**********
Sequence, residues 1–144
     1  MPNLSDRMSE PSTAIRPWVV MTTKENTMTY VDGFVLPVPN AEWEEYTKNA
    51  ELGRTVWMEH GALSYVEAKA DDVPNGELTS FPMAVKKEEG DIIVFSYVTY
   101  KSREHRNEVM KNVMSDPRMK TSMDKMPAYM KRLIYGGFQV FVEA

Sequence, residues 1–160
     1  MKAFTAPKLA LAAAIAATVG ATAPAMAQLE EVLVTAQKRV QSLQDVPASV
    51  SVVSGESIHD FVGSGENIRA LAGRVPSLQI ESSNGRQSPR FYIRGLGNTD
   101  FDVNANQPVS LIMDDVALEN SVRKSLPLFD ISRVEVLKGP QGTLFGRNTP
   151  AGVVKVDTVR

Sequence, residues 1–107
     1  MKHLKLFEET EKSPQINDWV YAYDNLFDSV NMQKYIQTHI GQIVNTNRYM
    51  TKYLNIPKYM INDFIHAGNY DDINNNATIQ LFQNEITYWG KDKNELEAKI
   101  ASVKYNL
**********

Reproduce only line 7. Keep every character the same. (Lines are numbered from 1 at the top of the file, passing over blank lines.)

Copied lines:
    51  SVVSGESIHD FVGSGENIRA LAGRVPSLQI ESSNGRQSPR FYIRGLGNTD